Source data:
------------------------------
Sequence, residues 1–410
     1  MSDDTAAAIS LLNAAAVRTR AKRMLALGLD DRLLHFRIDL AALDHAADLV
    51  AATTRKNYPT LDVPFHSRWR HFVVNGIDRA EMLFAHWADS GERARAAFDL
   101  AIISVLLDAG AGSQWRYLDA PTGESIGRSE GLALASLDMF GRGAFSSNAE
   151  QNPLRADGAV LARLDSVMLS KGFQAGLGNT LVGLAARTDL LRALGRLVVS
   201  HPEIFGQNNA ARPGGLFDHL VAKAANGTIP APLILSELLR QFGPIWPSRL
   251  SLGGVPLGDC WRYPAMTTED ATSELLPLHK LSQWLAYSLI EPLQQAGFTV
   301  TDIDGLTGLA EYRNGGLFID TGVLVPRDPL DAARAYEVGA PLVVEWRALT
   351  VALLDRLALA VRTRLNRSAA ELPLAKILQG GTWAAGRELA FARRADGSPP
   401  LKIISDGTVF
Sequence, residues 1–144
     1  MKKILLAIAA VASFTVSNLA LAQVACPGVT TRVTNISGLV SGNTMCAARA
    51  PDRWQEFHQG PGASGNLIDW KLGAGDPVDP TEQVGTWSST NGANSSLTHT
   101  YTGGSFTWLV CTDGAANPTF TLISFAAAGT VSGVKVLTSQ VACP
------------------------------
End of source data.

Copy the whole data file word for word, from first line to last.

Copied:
Sequence, residues 1–410
     1  MSDDTAAAIS LLNAAAVRTR AKRMLALGLD DRLLHFRIDL AALDHAADLV
    51  AATTRKNYPT LDVPFHSRWR HFVVNGIDRA EMLFAHWADS GERARAAFDL
   101  AIISVLLDAG AGSQWRYLDA PTGESIGRSE GLALASLDMF GRGAFSSNAE
   151  QNPLRADGAV LARLDSVMLS KGFQAGLGNT LVGLAARTDL LRALGRLVVS
   201  HPEIFGQNNA ARPGGLFDHL VAKAANGTIP APLILSELLR QFGPIWPSRL
   251  SLGGVPLGDC WRYPAMTTED ATSELLPLHK LSQWLAYSLI EPLQQAGFTV
   301  TDIDGLTGLA EYRNGGLFID TGVLVPRDPL DAARAYEVGA PLVVEWRALT
   351  VALLDRLALA VRTRLNRSAA ELPLAKILQG GTWAAGRELA FARRADGSPP
   401  LKIISDGTVF
Sequence, residues 1–144
     1  MKKILLAIAA VASFTVSNLA LAQVACPGVT TRVTNISGLV SGNTMCAARA
    51  PDRWQEFHQG PGASGNLIDW KLGAGDPVDP TEQVGTWSST NGANSSLTHT
   101  YTGGSFTWLV CTDGAANPTF TLISFAAAGT VSGVKVLTSQ VACP